New York's Watchable Wildlife
Want to see soaring eagles? Spectacular moose? Playful river otters? New York State has it all and the new 248 page New York Wildlife Viewing Guide has over 100 of New York's best wildlife viewing sites to begin your adventure. Together with DEC's Watchable Wildlife webpage you'll find all you need to plan your next trip close to home or while on a vacation in New York State. On our webpage find a full list of wildlife viewing sites, and let DEC's wildlife experts show you the best locations to find wildlife, what sounds to listen for, or see our full list of wildlife species where you can find your favorite mammal, bird, reptile or insect.
New York State has millions of acres of State Parks, forests and wildlife management areas that are home to hundreds of species of wildlife and are all open to the public!
Choose from hundreds of trails - miles and miles of rivers - marshes, wetlands and easily accessible viewing areas. Your New York State wildlife viewing adventure begins with the New York Wildlife Viewing Guide. Get yours today!
You can buy the Guide, add it to your E-reader or electronic device - or for a limited time, you can get it FREE (a $14.95 value) by subscribing to the Conservationist magazine, New York's award winning outdoor nature magazine. (E-reader versions available at watchablewildlife.org).
Discover Great Wildlife Viewing Areas Near You
Click on the Play button to view.
Visit a Watchable Wildlife site, walk interpretive trails, stop at a visitor center or attend a nature workshop. See a full list of wildlife viewing sites or find information about Watchable Wildlife events near you.
Watchable Wildlife Photographs
This male, Eastern Bluebird photo was sent to us from Laurie Dirkx from Rochester, NY who enjoys capturing nature and wildlife. The second photo of bluebird boxes in a garden landscape was taken at one of DEC's environmental education centers.
Do you have a favorite wildlife photograph that you would like to send us? Each month we will pick a photograph to showcase on our Watchable Wildlife webpage or in an issue of DEC's award-winning magazine Conservationist.
Subscribe now to
Conservationist and receive
a free NY Wildlife
Photos can be submitted via e-mail at Watchable@gw.dec.state.ny.us or mailed to NYSDEC, Bureau of Public Outreach, 625 Broadway, Albany, NY 12233-4500. For possible inclusion in Conservationist, please follow the guidelines outlined in the magazine's contributors' guide.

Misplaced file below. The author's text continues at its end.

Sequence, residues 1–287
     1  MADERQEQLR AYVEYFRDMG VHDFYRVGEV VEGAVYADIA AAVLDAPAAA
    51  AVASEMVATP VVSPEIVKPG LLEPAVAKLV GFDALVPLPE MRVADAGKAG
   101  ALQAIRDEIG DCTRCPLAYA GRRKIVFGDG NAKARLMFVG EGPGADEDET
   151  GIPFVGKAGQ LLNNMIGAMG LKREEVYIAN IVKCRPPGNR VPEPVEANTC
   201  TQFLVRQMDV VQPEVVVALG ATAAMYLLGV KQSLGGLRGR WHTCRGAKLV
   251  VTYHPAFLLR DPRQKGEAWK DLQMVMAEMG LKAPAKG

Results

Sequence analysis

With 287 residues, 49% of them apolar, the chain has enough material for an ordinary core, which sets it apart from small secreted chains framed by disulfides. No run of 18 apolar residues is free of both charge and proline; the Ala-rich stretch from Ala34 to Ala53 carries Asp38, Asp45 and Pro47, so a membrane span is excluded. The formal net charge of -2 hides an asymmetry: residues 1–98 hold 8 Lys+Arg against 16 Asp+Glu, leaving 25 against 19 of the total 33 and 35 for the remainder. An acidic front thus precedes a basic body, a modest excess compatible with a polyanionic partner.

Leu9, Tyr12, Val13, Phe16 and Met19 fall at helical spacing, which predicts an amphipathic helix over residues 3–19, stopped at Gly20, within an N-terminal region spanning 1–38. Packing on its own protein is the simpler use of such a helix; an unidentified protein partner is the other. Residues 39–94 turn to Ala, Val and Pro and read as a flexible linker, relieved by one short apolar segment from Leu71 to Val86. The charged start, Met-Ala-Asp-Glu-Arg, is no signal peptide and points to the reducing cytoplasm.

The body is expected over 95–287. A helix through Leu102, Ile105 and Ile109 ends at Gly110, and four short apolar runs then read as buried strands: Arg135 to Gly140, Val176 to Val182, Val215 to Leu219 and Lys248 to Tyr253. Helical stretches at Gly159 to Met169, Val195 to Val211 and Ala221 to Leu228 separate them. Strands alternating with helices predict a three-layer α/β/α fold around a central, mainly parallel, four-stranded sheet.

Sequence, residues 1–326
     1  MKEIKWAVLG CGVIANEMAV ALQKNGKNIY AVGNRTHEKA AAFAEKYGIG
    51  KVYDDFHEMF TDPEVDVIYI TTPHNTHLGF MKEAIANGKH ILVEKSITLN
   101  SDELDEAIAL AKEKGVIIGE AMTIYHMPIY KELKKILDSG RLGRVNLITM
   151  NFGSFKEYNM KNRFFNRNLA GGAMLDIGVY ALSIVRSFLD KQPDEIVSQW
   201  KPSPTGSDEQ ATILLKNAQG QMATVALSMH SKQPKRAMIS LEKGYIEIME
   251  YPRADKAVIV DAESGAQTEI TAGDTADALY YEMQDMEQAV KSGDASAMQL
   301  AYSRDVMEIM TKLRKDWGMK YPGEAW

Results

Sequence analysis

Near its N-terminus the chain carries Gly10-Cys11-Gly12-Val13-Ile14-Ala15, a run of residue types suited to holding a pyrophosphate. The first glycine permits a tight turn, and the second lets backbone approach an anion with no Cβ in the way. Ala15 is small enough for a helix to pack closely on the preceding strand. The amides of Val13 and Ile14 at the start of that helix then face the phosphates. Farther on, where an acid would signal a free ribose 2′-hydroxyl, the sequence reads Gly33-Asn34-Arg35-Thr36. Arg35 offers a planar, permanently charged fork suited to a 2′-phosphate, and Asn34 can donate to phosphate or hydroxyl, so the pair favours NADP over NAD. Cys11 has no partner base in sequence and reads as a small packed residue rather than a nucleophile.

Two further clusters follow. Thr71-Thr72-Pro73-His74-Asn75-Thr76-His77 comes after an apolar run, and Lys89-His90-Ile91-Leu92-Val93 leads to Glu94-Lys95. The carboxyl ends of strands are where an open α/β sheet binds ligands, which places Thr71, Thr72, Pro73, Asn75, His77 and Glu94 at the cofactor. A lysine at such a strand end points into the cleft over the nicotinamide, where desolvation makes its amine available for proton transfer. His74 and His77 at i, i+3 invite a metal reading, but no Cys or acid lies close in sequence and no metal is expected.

Birds - Species List and Facts
Find out more about your favorite birds. See a complete list of birds found in New York State.
Nominate a Favorite Wildlife Viewing Site in New York
If you have a favorite wildlife viewing site in New York, tell us where it is! E-mail us at Watchable@gw.dec.state.ny.us. Include as much information as you can about the site. Your wildlife viewing site could be our next site added to New York's Watchable Wildlife!
Other Watchable Wildlife Topics Include
- What do butterflies eat?
- What's the difference between a wolf and a coyote?
- Get fascinating facts about your favorite wildlife species and learn what and where to look for wildlife during your visit.
Explore New York's Marine Life on the Web!
On the DEC website you can explore a variety of New York's marine life without getting your feet wet! Find facts and information on New York's marine fish, crabs, lobsters, mussels, clams, sea turtles, whales, and more. Place a bookmark on the Marine Life webpage so you can come back and check for other sea creatures that will be added to our website periodically.
Be Respectful of Nature
When you are looking for wildlife and are visiting a Watchable Wildlife site:
- Don't feed the wildlife. Leave wild baby animals where you find them.
- Keep quiet, move slowly and be patient. Allow time for animals to enter the area you are in.
- Check out DEC's NY Nature Explorer - an online tool for finding out about plants and habitats in your neighborhood
You Can Help the Species You Love to Watch
By purchasing a habitat access stamp (only $5.00)
you can help conserve wildlife habitat and increase
public access to wildlife related recreation.